cwrap

Generate NodeJS bindings for modules that have a C interface

npm install cwrap
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CWrap

CWrap is a NodeJS utility I've created to help me create (NodeJS) wrappers for library modules that have a C interface.

At its core, CWrap is little more than a template engine with a slight resemblance to Mustache. The rest of the work is more or less left to the programmer, though the module provides a function that extracts the interface description from an XML file generated by SWIG.

Prerequisites

  • Make sure you have installed and read about node-gyp, the awesome tool that makes it easy and straightforward to create native extensions for NodeJS.
  • If you haven't already, get acquainted with how to actually write NodeJS bindings. A good place to start is this slideshow; you may also have to have a look at the V8 Embedder's Guide.
  • Install SWIG, and put the executable in your path.

Overview

The process to create NodeJS bindings for your C module is easily summarized:

  • call SWIG on your header file to generate an XML description of the interface
  • use CWrap's parseSwigXML() function to extract a JSON interface description from the XML
  • apply a code template on the interface description to obtain the wrapper code

Getting started

Unfortunately, the sample provided at the time of writing cannot actually be used (it will fail at the linker stage), as it generates bindings for a module that is not free software (for lack of time, I just used what I had already done). However, the sample should still be sufficient to point you in the right direction.

It is probably best to start with the sample template nodebindings.tmpl.cc - perhaps glancing at the generated source lsdisplay2_wrap.cc from time to time will help you not to get lost in all those template markers.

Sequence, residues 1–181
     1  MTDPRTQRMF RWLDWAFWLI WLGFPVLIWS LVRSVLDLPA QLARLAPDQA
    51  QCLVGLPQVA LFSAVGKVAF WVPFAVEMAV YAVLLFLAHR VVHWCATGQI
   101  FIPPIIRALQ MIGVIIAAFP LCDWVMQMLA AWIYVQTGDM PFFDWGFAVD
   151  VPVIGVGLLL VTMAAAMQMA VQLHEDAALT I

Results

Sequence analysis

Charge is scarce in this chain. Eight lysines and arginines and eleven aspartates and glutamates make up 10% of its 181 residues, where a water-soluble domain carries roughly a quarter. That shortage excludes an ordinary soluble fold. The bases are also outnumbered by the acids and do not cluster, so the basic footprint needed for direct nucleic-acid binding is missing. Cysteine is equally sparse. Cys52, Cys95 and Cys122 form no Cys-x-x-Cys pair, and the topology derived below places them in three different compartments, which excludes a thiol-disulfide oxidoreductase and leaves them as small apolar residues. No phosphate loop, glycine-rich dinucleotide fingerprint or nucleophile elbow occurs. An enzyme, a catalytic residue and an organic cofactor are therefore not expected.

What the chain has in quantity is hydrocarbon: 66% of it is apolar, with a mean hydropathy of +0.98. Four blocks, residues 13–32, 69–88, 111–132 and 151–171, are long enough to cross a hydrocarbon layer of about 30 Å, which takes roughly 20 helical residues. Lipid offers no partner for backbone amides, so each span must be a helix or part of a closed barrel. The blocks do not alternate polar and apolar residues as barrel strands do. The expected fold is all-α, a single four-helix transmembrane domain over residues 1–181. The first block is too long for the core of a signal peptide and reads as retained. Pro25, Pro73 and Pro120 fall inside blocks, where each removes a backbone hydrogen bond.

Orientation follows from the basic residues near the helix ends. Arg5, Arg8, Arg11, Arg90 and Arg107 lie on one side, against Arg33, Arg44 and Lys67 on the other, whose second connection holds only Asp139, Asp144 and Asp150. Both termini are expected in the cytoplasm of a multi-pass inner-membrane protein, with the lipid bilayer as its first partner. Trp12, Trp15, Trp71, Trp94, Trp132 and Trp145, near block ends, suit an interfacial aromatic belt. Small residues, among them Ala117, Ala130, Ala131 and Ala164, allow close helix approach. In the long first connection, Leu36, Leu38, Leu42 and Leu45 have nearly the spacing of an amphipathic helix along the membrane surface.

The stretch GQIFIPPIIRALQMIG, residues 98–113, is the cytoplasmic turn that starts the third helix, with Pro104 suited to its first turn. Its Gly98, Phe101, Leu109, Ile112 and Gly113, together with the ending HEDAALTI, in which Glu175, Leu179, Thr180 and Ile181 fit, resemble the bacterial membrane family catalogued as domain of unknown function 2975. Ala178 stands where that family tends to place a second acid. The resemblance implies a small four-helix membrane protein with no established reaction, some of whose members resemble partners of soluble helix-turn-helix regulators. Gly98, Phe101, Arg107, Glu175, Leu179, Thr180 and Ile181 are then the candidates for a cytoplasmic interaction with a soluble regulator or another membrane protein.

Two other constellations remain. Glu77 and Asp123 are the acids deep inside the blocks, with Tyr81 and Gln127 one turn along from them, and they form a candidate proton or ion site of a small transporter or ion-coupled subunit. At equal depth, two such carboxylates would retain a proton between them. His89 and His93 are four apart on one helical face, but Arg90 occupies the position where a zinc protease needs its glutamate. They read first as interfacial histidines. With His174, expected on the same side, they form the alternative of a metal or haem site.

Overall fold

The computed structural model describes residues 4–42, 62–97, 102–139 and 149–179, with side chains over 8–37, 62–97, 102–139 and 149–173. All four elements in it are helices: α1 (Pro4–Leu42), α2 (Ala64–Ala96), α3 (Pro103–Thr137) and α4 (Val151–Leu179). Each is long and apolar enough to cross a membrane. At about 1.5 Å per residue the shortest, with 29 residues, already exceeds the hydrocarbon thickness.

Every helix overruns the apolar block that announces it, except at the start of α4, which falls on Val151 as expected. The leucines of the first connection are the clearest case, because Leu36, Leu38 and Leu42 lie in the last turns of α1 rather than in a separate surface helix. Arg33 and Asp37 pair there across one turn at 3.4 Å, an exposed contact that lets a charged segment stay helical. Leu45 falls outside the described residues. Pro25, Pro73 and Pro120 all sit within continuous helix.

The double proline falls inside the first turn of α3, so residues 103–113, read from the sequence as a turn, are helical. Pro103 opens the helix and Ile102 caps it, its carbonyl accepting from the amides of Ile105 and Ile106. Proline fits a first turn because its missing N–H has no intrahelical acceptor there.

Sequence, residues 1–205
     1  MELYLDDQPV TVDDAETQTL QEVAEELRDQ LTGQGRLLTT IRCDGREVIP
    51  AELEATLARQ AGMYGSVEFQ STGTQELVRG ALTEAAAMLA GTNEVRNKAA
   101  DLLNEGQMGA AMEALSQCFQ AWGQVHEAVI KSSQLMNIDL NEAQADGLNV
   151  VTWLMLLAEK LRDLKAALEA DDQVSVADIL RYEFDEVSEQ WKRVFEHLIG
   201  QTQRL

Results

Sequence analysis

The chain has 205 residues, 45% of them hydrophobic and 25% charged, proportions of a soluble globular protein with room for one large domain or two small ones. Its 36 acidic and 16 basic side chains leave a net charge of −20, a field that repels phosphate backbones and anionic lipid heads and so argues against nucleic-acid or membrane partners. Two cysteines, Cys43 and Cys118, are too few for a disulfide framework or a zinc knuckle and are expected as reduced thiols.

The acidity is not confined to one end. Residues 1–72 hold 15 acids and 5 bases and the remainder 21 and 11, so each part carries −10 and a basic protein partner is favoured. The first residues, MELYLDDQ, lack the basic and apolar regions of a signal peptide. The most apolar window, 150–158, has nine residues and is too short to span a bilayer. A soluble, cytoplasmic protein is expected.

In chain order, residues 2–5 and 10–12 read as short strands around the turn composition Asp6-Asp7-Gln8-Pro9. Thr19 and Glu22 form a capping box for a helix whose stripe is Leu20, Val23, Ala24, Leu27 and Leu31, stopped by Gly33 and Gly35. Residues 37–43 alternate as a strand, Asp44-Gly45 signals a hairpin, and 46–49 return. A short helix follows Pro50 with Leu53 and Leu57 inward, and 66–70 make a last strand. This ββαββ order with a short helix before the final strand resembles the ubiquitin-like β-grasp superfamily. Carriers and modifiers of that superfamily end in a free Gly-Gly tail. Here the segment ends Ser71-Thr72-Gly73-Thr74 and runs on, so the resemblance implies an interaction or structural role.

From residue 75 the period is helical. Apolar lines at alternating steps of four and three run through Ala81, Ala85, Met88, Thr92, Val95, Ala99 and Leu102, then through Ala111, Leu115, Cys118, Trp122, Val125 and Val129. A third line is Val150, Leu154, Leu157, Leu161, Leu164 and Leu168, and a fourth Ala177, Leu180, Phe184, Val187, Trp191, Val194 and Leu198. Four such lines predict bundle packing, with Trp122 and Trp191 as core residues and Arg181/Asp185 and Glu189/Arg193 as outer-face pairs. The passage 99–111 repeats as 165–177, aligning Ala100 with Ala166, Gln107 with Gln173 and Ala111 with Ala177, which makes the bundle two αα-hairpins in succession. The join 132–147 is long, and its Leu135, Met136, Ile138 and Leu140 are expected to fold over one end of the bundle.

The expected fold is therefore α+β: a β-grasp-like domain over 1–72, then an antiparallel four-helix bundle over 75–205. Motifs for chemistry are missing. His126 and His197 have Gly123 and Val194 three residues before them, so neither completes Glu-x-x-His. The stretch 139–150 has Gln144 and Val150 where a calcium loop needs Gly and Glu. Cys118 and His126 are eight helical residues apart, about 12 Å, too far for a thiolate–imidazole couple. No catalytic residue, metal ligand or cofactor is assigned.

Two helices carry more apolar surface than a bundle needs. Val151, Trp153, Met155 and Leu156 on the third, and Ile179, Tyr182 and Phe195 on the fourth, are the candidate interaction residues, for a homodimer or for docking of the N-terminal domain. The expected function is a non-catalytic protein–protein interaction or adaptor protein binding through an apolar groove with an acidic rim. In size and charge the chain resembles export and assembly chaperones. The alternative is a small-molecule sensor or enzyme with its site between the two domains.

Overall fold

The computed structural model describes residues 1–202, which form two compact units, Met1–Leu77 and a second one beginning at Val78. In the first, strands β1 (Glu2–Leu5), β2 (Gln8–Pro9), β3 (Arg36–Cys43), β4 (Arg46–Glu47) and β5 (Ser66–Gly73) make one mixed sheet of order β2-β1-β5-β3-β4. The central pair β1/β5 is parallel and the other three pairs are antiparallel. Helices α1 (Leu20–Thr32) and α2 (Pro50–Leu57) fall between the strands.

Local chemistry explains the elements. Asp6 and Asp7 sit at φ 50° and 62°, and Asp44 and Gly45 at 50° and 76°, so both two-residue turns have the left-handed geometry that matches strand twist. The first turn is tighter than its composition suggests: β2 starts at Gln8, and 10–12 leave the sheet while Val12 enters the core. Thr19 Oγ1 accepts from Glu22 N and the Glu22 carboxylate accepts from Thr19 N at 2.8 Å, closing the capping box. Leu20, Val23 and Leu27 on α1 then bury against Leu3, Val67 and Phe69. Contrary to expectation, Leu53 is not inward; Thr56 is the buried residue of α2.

Let's get the template syntax out of the way - it's really simple:

  • Tags are introduced with the characters {{$ and closed with }}.
  • The foreach (or its alias forall) tag will iterate over the elements of an array or object; the block it controls must be closed with a end tag.
  • The if, elsif, else and end tags will work together just as you'd expect them to. There is no need for parentheses after if or elsif; otherwise, the syntax is JavaScript, though array indices are not supported (yet?)
  • The = tag inserts a value into the code. It's an inline tag and does not need or support a closing end.
  • Tags starting with a dash - are considered comments. No closing tag.
  • The macro tag defines a named "subroutine"
  • The call tag executes a macro
  • The list tag (inline, no closing tag) is used to fill out the parameter list of a function call.

Next should come the generate.js code, which is the code you would actually run in order to obtain the wrapper code. What it does is read the XML generated by SWIG, extract from that the basic interface description, then run a custom function called postProcess() that sifts through the interface description and does things like converting functions to methods, convert output parameters to return values, etc. The resulting, updated interface description is the JSON object that will be "fed" to the template engine.

Both the nodebindings.tmpl.cc template and the generate.js processor are just samples - though the template might be reused as-is, you will have to tailor the generate.js script at least to the module you want to generate bindings for.

Final words

It is understood that CWrap could be improved upon in major ways. However, it will probably always require a bit of custom code for each module. As a tool for programmers, this might just be the most productive approach anyway.

2013-03-30 Jean-Pierre Gygax, practicomp.ch

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